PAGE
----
$100 the person who bought one original share for that sum has ten shares of which he can sell nine for $1,800, and retain his original share. A few years later he may get another batch of dividend shares that he can sell in the same way.
The foregoing illustration of the idea is modestly drawn. It will be better to illustrate it with an actual case.
The Singer Manufacturing Company was organized in 1864 with a capital of $500,000, a large capital for those days. Stock dividends increased the capitalization, so that at the close of 1922 it reached $120,000,000. An original investment of $100 has, therefore, grown to
$24,000 in stock. For many years these shares have sold in the market for very much above par.
Lately the dividend rate has been 7 percent, which would be an income of $1,680 a year on the stock now represented by the original $100 investment.
Up to 1914 the dividend rate was variable. In 1913 the
$100 original investment drew $1,920; in 1912, $1,560; in 1911, $1,440; in 1910, $2,280; in 1909, $3,600; in 1908,
$1,800; in 1907, $1,320; in 1906, $960; in 1905, $1,560; in
1904, $3,720, and so on back through the years, until in the earlier years it drew only from $50 to $100 a year.
The company has not included a financial statement in its yearly reports to the Manual of Corporations since the one for 1915. At the close of that year its assets were
$125,471,000, and its surplus was $41,121,000.
It appears safe to estimate that its assets have grown, and increased in value at present prices, so that they now are fully $240,000,000.
In that case the $100 originally invested, now grown to
$24,000 in stock, has a value back of it equal to $48,000, of which $47,900 represents what the creative power of this $100 has produced in these years, and we have seen that its yearly earning power now is about $1,680.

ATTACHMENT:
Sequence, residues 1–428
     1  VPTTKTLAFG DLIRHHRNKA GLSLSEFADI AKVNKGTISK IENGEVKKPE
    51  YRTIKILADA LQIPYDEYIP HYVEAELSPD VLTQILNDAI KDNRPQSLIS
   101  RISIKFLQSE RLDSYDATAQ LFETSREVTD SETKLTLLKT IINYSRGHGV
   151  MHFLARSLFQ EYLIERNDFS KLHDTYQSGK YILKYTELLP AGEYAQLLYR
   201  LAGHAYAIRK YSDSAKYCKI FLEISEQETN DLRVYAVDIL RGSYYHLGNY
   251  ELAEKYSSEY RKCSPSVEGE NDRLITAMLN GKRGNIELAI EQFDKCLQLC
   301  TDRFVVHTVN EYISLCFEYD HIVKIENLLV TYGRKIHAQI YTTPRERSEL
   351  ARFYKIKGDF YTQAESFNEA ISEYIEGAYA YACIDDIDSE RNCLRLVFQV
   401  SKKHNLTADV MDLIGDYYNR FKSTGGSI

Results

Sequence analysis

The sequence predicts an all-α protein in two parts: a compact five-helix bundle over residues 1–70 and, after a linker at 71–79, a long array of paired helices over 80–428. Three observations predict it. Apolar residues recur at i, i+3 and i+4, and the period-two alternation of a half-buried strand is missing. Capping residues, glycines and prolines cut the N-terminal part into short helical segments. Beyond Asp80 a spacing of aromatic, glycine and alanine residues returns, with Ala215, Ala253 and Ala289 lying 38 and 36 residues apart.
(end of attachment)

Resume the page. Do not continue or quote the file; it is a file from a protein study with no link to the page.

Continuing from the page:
Money, then, has an earning power when it is put at work so that all it earns will go to its owner.
It has its greatest earning power when it is put at work where it will have a creative power.”26
Most of the great enterprises of America have been founded on this method of capitalization, including railroads, steamship lines, telephone and telegraph, the great industrial plants, coal and metal mining. But while such investments are legitimate, since in no other way could most of the natural resources of the country be developed, still owing to the speculative element it is generally safer for those who cannot stand loss in case it should come to take the smaller income derived from the rental of money or purchase of “seasoned” securities. Many new concerns are constantly being formed headed by men whose ability and integrity have made successes of other businesses. The major requirements upon which to base a decision include knowledge of the efficiency and honesty of the management; the source of supply for the material or, as in the development of natural resources, the certainty of the undeveloped values; the cost of production or manufacture; the demand of the public for the product; and the probable margin of profit.
26 Quoted by permission of author. “The Law of Financial Success,” by H. L. Barber, note, p. 31.
Finally the question must be settled as to the certainty of sufficient capital to carry the business on until it reaches a paying basis.
Those questions must be satisfactorily settled before the investor can go ahead with an easy mind. If he cannot have an easy mind, he should not go ahead, but remain content with seasoned investments. Nor must the reader take the foregoing as approval of any particular investment that may be presented to him. It must not be forgotten that the large percent of new enterprises fail, but at the same time the fact should be clear that these failures are usually due to something that ought to have been foreseen, and also that this type of investment is the basis of practically all the large fortunes of America. It is for this reason that we have dealt with it at length as one of the factors in the attainment of financial success.